I super zoomed in on a lovely painting at the Siege of Yorktown to capture my boys proudly standing side by side AS THEY SHOULD after Cornwallis’ surrender. Look at my boys. I’m so proud I could burst.

The Loyalist and African American Escape from Yorktown

On the 19th of October 1781, Washington won his most famous victory following the capitulation of the Crown Forces garrisoning Yorktown, Virginia. For Earl Charles Cornwallis and his fellow officers, defeat meant bitter embarrassment and shame. For their British and Hessian soldiers it meant the same, coupled with the potential of spending the rest of the war in the miserable conditions of an American prison camp. For the Loyalists and African Americans, however, the defeat spelled the potential for death or enslavement. 

Cornwallis was well aware of this, and sought immunity for Loyalists as part of the tenth article of capitulation. Washington refused this article, leaving Cornwallis with no choice other than to abandon formal attempts to negotiate his allies to safety. The British, however, did not give up on more clandestine means of escape. Washington permitted that a single British sloop, the Bonetta, be allowed to sail to British-held New York without being searched, for the purpose of carrying dispatches. Numerous African Americans and Loyalists were smuggled onboard. The ruse was almost discovered where a Patriot commander, General Nelson, demanded he be allowed to inspect the sloop for blacks and “enemies of the state.” Nelson’s French allies, however, insisted that he adhere to the articles of capitulation, and let the sloop go. It reached New York safely, though “guards were placed along the shore to prevent runaways from escaping to the ship, although it was feared many were already hidden onboard.” The Governor of Virginia also wrote angrily to Cornwallis, claiming ‘negroes are attempting to escape by getting onboard the Bonetta… [where] they will endeavour to lie concealed from your lordship until the vessel sails.’ It is not known if Cornwallis ever replied. Washington himself was only able to recover two of the slaves who had fled his plantation. 

The British also hit upon another ingenious means of smuggling ex-slaves to freedom. Under the articles, officer’s servants were not to be separated from their masters, and were allowed to travel with them on parole, and subsequent freedom. An eyewitness recorded that the ships bearing the British officers were “packed together, with two servants to each officer.” Another commented on fifty men and women “whose faces were hidden” - Americans who had deserted the Revolutionary cause, and knew they faced the potential of execution if caught. 

Cornwallis was known to have 4000 or 5000 black recruits at Yorktown and Portsmouth. Smallpox killed about sixty percent of those that caught the disease, but in this case some were inoculated against it, so perhaps half the runaways were spared, though wounds and typhus also took a huge toll. Maybe 2000 survived. It is impossible to establish what happened to them. A proportion of the survivors, perhaps half, must have been forced back into slavery.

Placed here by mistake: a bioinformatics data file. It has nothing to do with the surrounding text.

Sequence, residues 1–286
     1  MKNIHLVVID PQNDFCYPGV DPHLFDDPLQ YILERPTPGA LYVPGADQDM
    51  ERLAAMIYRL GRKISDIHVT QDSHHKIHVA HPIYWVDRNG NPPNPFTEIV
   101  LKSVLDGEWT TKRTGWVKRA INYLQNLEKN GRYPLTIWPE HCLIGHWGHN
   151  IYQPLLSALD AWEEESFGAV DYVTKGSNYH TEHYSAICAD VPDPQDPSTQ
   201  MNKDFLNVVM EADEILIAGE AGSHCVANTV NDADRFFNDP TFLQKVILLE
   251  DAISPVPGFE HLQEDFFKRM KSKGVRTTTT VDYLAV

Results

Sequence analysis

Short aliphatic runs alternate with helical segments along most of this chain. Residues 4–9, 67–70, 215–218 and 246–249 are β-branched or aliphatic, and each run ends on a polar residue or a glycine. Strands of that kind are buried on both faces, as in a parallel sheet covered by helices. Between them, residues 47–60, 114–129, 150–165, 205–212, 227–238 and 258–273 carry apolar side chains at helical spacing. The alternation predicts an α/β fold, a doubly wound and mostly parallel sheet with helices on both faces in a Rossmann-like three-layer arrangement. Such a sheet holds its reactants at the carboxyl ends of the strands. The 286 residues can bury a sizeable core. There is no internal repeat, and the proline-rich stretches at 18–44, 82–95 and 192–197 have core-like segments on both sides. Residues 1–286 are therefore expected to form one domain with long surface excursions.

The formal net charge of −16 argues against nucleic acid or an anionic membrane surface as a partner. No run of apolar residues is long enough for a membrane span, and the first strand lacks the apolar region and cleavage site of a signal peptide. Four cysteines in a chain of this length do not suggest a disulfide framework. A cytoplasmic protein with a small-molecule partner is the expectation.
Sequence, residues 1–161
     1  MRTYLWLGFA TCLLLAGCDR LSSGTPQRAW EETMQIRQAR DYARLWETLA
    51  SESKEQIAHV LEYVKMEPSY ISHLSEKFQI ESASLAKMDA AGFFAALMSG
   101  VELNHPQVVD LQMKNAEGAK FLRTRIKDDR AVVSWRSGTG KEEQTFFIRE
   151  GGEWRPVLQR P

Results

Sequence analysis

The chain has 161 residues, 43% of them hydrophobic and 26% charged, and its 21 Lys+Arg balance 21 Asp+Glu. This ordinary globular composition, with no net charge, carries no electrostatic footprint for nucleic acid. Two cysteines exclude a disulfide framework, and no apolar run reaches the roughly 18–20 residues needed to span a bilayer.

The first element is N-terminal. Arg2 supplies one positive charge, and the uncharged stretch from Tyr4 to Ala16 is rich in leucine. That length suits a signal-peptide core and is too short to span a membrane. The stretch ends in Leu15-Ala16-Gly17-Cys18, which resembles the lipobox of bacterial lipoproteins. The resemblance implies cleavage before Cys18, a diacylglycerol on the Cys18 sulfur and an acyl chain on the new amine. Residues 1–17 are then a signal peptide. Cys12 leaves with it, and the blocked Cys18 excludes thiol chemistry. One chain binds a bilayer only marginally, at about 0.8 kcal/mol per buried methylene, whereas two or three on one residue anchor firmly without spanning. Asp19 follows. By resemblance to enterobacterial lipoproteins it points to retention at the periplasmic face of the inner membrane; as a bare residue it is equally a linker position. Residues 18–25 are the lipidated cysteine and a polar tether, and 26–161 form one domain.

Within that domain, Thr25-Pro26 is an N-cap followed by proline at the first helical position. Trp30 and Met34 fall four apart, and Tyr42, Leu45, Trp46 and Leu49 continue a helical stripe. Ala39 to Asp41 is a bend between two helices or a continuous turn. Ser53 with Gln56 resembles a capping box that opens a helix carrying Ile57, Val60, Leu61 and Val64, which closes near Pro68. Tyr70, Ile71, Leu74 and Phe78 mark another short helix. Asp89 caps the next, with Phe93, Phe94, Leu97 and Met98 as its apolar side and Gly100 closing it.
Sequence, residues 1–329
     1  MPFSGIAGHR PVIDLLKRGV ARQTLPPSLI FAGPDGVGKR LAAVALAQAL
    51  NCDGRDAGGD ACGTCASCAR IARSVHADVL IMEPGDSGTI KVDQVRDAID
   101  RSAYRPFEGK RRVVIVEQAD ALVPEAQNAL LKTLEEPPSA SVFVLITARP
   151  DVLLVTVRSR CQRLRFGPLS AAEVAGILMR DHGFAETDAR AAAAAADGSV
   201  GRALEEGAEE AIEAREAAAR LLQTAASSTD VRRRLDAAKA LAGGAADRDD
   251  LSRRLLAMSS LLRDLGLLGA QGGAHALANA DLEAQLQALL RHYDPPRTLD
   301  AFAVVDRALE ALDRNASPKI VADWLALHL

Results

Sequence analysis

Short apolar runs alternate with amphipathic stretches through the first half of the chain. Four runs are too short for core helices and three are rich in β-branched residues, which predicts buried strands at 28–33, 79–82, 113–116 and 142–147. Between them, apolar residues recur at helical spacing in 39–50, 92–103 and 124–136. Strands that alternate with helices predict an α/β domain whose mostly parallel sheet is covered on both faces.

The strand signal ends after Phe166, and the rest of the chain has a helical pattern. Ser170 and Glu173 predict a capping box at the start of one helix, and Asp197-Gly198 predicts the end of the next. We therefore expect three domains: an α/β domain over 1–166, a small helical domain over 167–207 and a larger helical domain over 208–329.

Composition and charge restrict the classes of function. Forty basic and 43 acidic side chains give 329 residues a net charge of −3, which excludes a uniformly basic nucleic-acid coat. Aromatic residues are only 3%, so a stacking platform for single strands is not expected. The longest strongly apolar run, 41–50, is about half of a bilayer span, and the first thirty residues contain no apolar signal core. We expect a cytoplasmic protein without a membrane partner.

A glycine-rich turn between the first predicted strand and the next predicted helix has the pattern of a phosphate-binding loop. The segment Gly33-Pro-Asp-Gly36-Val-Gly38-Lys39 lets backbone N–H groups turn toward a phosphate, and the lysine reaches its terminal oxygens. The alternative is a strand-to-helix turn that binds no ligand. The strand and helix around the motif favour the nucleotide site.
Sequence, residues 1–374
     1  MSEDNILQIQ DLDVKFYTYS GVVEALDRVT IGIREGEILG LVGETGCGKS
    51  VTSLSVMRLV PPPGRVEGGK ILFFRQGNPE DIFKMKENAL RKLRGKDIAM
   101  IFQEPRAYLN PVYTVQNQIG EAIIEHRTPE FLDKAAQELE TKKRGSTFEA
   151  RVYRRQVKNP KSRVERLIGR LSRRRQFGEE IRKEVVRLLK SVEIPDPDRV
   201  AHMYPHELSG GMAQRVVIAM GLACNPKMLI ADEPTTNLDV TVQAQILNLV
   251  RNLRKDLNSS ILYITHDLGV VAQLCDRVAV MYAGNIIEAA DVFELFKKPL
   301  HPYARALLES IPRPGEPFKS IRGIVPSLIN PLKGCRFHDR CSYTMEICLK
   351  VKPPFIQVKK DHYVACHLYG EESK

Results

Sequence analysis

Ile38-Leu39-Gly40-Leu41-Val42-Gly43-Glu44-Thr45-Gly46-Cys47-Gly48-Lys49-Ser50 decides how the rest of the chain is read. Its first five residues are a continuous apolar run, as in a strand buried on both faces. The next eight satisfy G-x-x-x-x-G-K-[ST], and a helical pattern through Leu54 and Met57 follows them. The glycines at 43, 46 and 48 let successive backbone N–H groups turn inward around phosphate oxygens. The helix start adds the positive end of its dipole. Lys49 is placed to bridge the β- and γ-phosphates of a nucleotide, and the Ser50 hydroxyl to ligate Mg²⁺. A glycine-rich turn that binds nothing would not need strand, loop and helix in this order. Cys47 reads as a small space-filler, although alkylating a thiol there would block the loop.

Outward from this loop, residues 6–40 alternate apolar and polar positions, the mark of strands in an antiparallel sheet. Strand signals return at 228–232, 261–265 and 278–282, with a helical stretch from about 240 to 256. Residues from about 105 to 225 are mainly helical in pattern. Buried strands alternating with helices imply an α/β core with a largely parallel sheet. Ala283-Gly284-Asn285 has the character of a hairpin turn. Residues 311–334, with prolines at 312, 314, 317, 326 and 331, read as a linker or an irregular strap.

I’m procrastinating and have a sudden urge to calculate the time Hamilton and Laurens have actually spent together, and as I don’t have Massey’s biography on hand I have to go with the letters at The Founders. (They knew each other a little more than five years - Laurens arrived at Washington’s headquarters on August 9, 1777, and I don’t have to remind you the other date.) 

So, Laurens arrives, there’s the Battle of Brandywine, they write a letter together on some officer’s conduct in the battle by the end of September. In July 1778 Laurens is sent to Lebanon on a mission, and stays there until September or longer. So, we have 11 months.

In March 1779 the black battallion project begins, and Laurens leaves for South Carolina. If we start counting from October, it’s about 5 months.

I don’t think Laurens goes back to the camp at any time, despite writing to Washington repeatedly about his desire to do so; next winter, Charlston is besieged, and in May 1780, he’s taken prisoner. He stays in Philadelphia on parole; Hamilton probably visits him once or twice. In November, Laurens is released; he doesn’t return to camp but goes south again and then accepts the appointment of the Ambassador to France. (It’s around the time that Hamilton is getting married, so, you know.) He leaves in February and comes back in August, just in time for the siege of Yorktown. By December he was in South Carolina again, this time for good (or should I say, for bad?). This gives us 3 to 4 months, depending on the particular dates and travel time. 

11+5+3(4)=19(20) months, out of 60.